How did you set up your initial partnership and why did you choose these partners?  

We took part in a study tour in Vantaa focused on migrant integration, organised by the Local Urban Development European Network (LUDEN) of which we are members. During the event we presented a proposal to develop a learning exchange programme on this theme. Other study tour participants, including Vantaa, were eager to be involved in this. To find other cities interested in joining us we sent an outline proposal to cities who we have worked with at EU level in the past. We targeted cities in Greece, Italy and Spain which we know are in the front line of the recent flows of migration into the EU. We also looked for a balanced composition in terms of cities from developed and less developed regions.

What will be the next steps for Amadora as lead partner city in the six month development phase? What will be the challenges?

We are currently busy on several levels. In terms of project management and administration we are busy reading and making ourselves familiar with all the URBACT rules and procedures. We have never managed an URBACT network before so this is a steep learning curve for us. However, we have the support from our lead expert and we have also established an agreement with LUDEN which has many years of experience with the programme. We have also been very busy communicating with partners following the initial training provided by URBACT. This has involved ensuring that they quickly become aware of the key actions that they will need to undertake in phase one. We will reinforce this work at our first steering group meeting. In terms of challenges, one will be language as not all our ULG members and local politicians can work in English.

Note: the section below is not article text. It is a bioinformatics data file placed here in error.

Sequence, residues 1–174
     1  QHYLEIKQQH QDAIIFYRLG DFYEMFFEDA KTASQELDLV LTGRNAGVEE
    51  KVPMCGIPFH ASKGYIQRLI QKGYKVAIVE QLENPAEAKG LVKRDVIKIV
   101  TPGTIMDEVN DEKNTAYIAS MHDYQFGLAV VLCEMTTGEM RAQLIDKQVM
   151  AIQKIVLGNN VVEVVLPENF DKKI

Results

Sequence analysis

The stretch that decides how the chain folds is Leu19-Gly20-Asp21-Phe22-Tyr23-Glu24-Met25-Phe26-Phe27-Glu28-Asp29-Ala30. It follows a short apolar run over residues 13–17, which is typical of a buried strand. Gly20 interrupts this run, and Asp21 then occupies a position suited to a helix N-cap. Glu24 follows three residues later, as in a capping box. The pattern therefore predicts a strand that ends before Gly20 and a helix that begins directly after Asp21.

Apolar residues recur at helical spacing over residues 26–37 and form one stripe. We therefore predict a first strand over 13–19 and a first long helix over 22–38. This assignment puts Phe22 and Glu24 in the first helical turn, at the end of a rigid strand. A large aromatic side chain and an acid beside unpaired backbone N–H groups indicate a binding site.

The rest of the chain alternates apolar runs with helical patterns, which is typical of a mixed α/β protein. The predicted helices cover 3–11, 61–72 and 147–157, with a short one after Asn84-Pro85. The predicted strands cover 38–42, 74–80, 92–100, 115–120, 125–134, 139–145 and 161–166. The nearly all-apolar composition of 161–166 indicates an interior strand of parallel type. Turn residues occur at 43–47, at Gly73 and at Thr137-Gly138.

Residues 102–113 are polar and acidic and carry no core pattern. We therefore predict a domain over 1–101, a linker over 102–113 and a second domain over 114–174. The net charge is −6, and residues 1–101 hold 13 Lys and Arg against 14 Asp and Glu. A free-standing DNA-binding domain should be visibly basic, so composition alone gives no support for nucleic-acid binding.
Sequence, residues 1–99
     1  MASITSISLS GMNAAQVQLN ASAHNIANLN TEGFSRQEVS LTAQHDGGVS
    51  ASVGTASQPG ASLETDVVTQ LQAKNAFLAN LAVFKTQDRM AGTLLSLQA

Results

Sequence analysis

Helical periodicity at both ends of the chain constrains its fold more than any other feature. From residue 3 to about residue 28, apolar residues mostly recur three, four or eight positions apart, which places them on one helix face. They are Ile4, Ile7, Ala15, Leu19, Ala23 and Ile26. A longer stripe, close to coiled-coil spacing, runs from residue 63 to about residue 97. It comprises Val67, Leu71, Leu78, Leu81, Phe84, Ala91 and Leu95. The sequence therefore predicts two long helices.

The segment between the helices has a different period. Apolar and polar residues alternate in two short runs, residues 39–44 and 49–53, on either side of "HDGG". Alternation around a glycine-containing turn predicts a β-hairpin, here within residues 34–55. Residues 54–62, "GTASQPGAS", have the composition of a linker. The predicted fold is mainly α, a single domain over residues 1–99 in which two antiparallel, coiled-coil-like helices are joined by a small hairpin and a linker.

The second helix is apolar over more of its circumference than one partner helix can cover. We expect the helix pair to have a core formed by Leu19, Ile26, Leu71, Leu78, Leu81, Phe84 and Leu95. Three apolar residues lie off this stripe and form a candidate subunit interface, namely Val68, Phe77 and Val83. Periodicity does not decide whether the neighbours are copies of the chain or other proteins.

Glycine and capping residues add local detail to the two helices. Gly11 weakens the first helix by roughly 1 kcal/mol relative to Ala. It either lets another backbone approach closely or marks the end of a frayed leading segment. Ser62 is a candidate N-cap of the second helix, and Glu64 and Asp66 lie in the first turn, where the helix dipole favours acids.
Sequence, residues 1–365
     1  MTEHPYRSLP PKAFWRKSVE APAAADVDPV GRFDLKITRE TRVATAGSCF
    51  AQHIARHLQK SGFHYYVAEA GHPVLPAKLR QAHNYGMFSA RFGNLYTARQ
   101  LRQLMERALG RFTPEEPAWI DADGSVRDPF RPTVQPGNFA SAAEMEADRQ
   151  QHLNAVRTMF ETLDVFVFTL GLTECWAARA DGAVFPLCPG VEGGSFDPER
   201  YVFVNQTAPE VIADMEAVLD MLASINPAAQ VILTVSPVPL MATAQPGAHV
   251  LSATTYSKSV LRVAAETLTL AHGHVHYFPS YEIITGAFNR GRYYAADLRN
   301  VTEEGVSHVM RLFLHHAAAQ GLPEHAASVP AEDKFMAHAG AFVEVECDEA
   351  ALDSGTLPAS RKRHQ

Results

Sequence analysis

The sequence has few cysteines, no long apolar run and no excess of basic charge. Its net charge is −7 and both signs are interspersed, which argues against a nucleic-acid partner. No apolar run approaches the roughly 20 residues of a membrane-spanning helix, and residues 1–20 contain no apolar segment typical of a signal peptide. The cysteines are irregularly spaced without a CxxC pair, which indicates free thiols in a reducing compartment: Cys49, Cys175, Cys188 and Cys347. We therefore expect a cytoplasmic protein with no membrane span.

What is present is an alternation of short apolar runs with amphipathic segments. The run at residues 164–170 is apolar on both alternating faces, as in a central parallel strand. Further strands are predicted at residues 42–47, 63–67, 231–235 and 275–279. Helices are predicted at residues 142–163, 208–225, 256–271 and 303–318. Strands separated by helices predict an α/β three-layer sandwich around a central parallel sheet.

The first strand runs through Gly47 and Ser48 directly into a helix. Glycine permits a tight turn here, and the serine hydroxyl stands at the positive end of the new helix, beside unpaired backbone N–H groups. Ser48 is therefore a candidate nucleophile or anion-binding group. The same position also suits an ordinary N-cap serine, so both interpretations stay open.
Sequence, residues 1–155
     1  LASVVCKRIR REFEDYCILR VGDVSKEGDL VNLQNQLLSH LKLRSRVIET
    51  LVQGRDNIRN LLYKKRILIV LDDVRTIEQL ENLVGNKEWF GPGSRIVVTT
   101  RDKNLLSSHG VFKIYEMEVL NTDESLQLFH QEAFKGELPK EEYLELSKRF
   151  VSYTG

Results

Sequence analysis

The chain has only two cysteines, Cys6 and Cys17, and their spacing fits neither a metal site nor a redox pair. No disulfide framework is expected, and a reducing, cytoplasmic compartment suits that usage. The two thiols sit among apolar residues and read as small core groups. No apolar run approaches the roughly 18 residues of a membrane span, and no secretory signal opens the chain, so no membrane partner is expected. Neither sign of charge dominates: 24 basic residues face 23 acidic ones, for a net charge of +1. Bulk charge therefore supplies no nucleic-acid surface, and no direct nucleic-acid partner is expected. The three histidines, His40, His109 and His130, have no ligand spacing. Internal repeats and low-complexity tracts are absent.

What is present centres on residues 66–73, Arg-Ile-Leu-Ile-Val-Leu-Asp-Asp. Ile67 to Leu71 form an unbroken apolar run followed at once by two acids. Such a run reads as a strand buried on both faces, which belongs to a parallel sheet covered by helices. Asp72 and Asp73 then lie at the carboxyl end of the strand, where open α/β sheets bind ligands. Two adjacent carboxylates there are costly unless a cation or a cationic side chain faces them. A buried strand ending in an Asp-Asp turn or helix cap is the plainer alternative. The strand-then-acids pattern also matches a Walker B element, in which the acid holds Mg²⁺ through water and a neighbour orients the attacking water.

How do you foresee working with the partner cities?

Each partner has already sent us details of the key staff and politicians who will follow the work of the network. We know from having managed other EU projects that getting these lines of communication right is crucial. In the first phase we are planning to have two face to face steering group meetings plus one or possibly two telephone conferences as we know that it’s important to monitor progress regularly and not leave things too long. In addition we have set up a Facebook group and Twitter account to facilitate working between members of the ULGs that each partner will establish. However, we are aware that we need to explore ways that we can use automatic translation programmes in order to provide access to those members of the ULG who cannot work in English.  In addition, at the first steering group meeting  we will establish a detailed action plan with clear milestones which will form the basis of joint working with partners to ensure a successful transition to phase two.

How are you going to complete the partnership? Are you still looking for potential partners?

To be honest, we have been inundated with cities wishing to join our network. So far 35 cities have asked to join. We are currently looking at the cities who have applied and drawing up a shortlist to whom we will send more information about the network and also ask them some questions to ascertain if they will add value to our network. We will do this after our initial steering group meeting which will take place in Amadora in the last week of October.